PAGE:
Effects of <i>Flourensia cernua</i> ingestion on nitrogen balance of sheep consuming tobosa

TitleEffects of Flourensia cernua ingestion on nitrogen balance of sheep consuming tobosa
Publication TypeJournal Article
Year of Publication1996
AuthorsKing D., Fredrickson E.L., Estell R.E., Havstad K, Wallace J.D., Murray L.W.
JournalJournal of Range Management
Volume49
Pagination331-335
Date Published1996
Keywordsalfalfa, blood chemistry, body weight, cholesterol, digestible protein, dry matter, feed intake, Flourensia, grasses, Leaves, New Mexico, nitrogen balance, nitrogen retention, Pleuraphis mutica, sheep, urea, weed palatability
Abstract

Flourensia cernua DC. (tarbush) is a deciduous shrub with potential as a high-protein forage source for livestock. Twenty-four Polypay x Rambouillet wethers housed in metabolism crates were used to evaluate tarbush as a N source for sheep fed a low quality grass diet. Treatments were 100% ground tobosa grass (Pleuraphis mutica Buckl.) or tobosa substituted with 10, 20, or 30% whole pre-bloom tarbush leaves (n = 5) or 26% ground alfalfa (n = 4, Medicago sativa L.) on a dry matter basis (dmb). Sheep were fed ad libitum for 11 days, after which feed was restricted to 1 % (dmb) of body weight for 11 days to reduce sorting and maintain uniform intake. Apparent dry matter digestibility was not improved (P = 0.2646) with tarbush or alfalfa. Fecal N was similar (P = 0.1626), but urinary N varied (P = 0.0008) among treatments. Apparent N digestibility differed (P = 0.0042) among treatments (43, 46, 50, 56, and 63% for sheep consuming 0, 10, 20, or 30% tarbush or alfalfa, respectively). All treatments resulted in similar (P = 0.1569) but negative N retentions (-2.4, -2.2, -2.8, -2.0, and -1.5 g day-1 for sheep consuming 0, 10, 20, or 30% tarbush or alfalfa, respectively). Serum clinical profiles (day 22) confirmed all sheep were nutritionally stressed, but did not indicate toxicosis. Although neither tarbush nor alfalfa N compensated for the low quality basal diet, N from 30% tarbush was utilized with similar efficiency to alfalfa N. The major impediment for using tarbush as a N source appeared to be low palatability.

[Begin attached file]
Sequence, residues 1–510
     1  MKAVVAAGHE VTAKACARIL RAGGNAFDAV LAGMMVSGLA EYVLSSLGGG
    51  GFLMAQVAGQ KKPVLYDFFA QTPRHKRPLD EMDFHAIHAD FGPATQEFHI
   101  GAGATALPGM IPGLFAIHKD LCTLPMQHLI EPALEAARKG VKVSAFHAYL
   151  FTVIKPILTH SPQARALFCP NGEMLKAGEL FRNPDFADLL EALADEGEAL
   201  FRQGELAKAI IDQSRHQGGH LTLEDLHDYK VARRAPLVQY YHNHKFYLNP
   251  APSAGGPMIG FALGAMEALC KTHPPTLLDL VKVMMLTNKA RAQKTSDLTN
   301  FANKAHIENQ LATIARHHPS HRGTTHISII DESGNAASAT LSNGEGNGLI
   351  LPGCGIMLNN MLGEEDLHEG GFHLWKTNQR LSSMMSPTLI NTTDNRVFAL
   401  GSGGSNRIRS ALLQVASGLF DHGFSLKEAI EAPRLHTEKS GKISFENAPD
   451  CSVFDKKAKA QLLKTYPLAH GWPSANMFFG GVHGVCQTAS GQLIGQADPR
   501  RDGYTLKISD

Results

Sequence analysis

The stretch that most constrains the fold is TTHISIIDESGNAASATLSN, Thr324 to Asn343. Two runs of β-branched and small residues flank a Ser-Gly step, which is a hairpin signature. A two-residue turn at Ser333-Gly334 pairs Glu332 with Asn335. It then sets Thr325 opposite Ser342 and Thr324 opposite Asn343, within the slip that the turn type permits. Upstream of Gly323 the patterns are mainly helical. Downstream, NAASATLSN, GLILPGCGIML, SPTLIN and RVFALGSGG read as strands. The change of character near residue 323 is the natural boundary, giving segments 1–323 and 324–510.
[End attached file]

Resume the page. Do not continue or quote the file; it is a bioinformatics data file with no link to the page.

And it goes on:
URL/files/bibliography/497.pdf